You must not bring an abomination into your house; you would become like it—a thing devoted to destruction. You are to detest, yes, detest it, and you are to abhor, yes, abhor it, for it is devoted to destruction.” Bible see other translations

“a thing devoted to destruction.” If a person stole something that had been “devoted” for destruction, then that person became devoted to destruction as well. This is what happened to Achan and his family (Josh. 7:1-26; cp. Josh. 6:18).

[For more on things “devoted” to Yahweh and devoted to destruction, see commentary on Josh. 6:17.]

“detest, yes, detest it...abhor, yes, abhor.” Deuteronomy 7:26 uses a double polyptoton for emphasis. The figure of speech polyptoton is when a word occurs in two different forms set against each other for emphasis. In this case, the Hebrew words translated “detest” and “abhor” each occur first as an infinite and then as an imperative verb, thus the Hebrew more literally reads something such as, “you are to detest, detest! You are to abhor, abhor!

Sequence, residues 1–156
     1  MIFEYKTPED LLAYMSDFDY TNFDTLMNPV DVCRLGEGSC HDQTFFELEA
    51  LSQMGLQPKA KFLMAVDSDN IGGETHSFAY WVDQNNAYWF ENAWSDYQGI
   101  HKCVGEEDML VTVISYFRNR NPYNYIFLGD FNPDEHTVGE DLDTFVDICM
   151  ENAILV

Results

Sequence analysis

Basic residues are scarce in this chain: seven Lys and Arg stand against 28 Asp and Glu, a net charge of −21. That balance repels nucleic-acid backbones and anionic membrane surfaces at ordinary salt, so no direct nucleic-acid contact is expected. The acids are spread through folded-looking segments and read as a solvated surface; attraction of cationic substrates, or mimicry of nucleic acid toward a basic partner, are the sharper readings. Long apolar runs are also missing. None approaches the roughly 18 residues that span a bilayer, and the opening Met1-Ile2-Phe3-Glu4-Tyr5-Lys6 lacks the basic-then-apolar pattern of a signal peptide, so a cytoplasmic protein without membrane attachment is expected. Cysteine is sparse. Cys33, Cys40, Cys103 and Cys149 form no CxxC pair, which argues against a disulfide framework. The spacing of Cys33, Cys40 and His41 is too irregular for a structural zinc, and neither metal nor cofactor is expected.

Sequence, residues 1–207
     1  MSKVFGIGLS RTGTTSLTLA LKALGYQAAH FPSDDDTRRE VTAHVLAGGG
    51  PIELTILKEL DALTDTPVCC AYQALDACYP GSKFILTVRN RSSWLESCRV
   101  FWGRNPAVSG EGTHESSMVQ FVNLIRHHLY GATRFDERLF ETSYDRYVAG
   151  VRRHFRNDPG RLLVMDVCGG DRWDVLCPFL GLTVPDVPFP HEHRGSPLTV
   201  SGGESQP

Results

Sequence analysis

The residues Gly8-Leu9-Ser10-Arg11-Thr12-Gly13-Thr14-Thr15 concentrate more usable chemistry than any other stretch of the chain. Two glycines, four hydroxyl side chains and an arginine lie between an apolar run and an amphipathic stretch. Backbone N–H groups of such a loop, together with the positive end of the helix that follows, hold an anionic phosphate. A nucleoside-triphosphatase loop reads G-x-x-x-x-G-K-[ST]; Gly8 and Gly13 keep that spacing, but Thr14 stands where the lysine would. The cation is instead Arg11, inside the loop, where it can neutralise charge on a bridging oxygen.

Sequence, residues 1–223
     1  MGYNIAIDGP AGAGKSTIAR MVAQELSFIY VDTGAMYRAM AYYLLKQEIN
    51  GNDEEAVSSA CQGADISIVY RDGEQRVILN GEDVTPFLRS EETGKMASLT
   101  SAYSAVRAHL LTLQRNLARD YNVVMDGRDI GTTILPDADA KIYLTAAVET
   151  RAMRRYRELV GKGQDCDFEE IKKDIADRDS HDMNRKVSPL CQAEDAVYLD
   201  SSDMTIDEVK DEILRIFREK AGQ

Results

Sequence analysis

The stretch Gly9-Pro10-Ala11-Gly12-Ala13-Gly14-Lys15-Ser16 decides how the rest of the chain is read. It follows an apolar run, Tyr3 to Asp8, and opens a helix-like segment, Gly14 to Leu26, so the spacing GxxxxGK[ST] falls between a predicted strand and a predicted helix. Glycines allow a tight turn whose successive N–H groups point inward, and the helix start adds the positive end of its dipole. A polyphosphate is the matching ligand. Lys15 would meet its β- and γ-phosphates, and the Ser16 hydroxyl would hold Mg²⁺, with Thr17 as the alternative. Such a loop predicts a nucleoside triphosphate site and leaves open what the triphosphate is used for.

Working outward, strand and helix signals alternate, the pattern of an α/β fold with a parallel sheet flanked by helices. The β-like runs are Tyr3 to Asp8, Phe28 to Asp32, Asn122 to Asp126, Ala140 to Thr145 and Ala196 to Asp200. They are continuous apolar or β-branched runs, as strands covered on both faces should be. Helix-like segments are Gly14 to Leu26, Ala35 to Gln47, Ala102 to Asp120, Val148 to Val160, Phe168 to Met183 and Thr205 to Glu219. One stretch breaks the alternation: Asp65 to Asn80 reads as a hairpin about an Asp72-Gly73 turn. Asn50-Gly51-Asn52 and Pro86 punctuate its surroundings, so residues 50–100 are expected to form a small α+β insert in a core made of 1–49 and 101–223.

[For the English translation of doubling the verb with “yes” between them, see commentary on Genesis 2:16.]

[See figure of speech “polyptoton.”]

Commentary for: Deuteronomy 7:26